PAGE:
VII. The Contemporary Period, 1945–2000 > A. General and Comparative Dimensions > 2. International Relations > b. New Global Relationships
  The Encyclopedia of World History.  2001.
b. New Global Relationships
By the 1970s, the continuing processes of globalization had taken many complex forms. At the same time that the networks of relationships in all areas of life were increasingly determined by global contexts, several older international structures were breaking down. The clearly structured world of the Bretton Woods system was replaced by a more global but anarchic international monetary system (See Evolution of International Economic Structures); the old bipolar world of the early cold war was rapidly being replaced by a polycentric world order. These trends were visible in culture and society as well.  1
Bangladesh became an independent state in place of East Pakistan after postelection fighting brought the Pakistan army into conflict first with Bengali followers of Mujibur Rahman (May) and then with invading Indian armed forces (Dec.).  2
U.S.-Chinese relations transformed. Informal contacts like the visit of the U.S. table tennis team to China (“Ping-Pong diplomacy”) were combined with the U.S. announcement that it was lifting the embargo on trade with China (June). In October, the United States supported the admission of the People's Republic of China to the United Nations, and in November it was announced that U.S. president Richard Nixon would visit China.  3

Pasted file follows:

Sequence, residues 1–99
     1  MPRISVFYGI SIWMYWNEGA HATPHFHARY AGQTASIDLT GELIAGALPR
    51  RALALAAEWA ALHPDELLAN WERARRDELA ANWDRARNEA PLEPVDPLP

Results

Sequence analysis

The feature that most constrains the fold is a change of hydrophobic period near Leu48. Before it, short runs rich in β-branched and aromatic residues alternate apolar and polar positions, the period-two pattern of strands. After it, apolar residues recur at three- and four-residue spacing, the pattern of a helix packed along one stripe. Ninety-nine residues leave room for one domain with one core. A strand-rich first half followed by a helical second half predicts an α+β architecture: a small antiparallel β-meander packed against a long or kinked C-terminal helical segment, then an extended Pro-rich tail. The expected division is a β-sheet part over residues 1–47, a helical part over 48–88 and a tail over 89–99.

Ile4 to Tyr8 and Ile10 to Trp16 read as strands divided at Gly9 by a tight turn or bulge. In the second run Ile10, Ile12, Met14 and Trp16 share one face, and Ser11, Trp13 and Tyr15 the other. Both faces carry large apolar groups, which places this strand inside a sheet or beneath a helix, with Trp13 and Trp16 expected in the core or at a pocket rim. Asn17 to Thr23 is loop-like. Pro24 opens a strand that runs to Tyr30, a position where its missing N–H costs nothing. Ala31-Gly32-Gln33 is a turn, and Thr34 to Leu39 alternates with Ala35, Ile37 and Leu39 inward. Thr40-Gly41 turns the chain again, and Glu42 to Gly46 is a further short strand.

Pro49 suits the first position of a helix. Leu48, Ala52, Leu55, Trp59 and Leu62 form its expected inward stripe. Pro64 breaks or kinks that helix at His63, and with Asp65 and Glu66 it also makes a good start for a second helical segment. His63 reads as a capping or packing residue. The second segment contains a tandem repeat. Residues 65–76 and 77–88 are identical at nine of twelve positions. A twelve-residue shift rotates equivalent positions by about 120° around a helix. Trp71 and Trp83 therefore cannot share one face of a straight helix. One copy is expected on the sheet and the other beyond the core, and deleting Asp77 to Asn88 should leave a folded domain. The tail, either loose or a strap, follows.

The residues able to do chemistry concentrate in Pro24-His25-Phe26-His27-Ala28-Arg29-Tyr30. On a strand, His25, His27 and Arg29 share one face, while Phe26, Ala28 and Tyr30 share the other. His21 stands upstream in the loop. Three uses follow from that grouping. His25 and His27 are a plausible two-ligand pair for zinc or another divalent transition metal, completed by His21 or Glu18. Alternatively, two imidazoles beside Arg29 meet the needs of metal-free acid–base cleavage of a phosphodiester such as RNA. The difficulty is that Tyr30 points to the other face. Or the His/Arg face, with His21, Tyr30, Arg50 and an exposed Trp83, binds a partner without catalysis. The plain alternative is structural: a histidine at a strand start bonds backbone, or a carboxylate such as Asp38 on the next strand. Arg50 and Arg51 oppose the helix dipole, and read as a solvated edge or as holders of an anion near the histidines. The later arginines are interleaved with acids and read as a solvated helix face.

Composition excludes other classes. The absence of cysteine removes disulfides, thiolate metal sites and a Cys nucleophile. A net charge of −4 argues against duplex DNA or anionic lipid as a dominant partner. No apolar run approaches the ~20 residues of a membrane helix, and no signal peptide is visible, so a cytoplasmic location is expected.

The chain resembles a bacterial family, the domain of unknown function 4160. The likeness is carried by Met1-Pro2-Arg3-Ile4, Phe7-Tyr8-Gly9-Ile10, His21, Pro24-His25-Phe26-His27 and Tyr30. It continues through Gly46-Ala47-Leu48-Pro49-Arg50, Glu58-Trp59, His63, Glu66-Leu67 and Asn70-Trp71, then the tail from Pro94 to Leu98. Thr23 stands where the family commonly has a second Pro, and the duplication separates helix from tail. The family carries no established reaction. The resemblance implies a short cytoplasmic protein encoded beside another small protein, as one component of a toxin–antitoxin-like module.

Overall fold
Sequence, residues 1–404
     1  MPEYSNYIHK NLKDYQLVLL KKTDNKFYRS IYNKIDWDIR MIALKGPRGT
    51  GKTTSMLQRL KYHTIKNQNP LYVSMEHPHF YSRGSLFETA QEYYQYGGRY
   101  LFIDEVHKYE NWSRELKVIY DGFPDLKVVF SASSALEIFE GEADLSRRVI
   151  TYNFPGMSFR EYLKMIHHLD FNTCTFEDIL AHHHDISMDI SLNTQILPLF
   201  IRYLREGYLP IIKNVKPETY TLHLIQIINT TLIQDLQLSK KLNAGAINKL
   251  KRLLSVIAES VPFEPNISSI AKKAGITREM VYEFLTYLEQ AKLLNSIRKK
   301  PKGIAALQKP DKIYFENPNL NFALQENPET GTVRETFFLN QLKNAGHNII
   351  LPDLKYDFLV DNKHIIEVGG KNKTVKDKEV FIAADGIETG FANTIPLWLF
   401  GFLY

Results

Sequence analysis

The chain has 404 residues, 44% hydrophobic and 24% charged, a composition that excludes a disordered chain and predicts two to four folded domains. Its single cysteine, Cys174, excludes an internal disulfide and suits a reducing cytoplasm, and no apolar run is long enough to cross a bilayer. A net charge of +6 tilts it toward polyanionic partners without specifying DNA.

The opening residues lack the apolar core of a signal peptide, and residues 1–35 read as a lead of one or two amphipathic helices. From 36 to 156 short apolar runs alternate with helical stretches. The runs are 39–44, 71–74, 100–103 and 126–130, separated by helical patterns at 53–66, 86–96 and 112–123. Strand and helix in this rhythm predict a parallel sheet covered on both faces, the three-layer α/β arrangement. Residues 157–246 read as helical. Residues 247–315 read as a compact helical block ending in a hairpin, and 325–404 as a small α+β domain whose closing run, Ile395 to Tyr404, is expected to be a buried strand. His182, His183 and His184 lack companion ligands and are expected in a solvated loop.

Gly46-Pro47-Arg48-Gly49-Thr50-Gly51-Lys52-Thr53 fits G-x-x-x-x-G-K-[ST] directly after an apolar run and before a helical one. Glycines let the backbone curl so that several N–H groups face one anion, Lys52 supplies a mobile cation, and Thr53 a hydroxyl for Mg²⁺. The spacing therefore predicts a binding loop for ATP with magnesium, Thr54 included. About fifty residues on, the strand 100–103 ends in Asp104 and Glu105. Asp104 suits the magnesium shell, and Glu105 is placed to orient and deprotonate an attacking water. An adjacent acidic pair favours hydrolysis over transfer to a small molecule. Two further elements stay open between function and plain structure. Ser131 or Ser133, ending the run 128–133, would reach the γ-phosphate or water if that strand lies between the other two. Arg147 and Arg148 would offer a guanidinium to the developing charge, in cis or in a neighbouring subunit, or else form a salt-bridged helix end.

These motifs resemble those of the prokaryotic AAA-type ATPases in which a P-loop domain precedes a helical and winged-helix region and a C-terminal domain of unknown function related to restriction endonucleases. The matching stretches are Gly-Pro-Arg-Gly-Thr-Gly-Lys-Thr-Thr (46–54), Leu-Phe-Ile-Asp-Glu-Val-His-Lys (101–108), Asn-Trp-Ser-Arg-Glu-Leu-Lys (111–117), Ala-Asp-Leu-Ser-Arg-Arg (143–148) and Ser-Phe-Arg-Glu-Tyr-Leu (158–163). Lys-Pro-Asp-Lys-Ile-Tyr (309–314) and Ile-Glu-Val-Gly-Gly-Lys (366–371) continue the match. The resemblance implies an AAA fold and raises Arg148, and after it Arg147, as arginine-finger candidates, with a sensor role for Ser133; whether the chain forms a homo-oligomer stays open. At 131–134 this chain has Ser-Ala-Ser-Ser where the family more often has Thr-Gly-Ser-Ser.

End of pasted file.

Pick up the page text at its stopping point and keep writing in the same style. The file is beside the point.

Petroleum industry changes. Representatives of the Organization of Petroleum Exporting Countries (OPEC) met with major oil companies to discuss oil prices (Jan.–Feb.). Algeria took control of 51 percent of French oil companies' operations in Algeria.  4
West German chancellor Willy Brandt received the Nobel Peace Prize for his work in lessening East-West tension.  5
International Court of Justice declared that South Africa's administration of Namibia was illegal and should be surrendered to the UN.  6
The changing context of global politics was revealed in the state visits of the Ethiopian emperor Haile Selassie to China, where he was welcomed by Mao Zedong, and of Soviet premier Kosygin to Morocco, where he was welcomed by King Hasan II.  7
The Encyclopedia of World History, Sixth edition. Peter N. Stearns, general editor. Copyright © 2001 by Houghton Mifflin Company. Maps by Mary Reilly, copyright 2001 by Houghton Mifflin Company. Published by Houghton Mifflin Company. All rights reserved.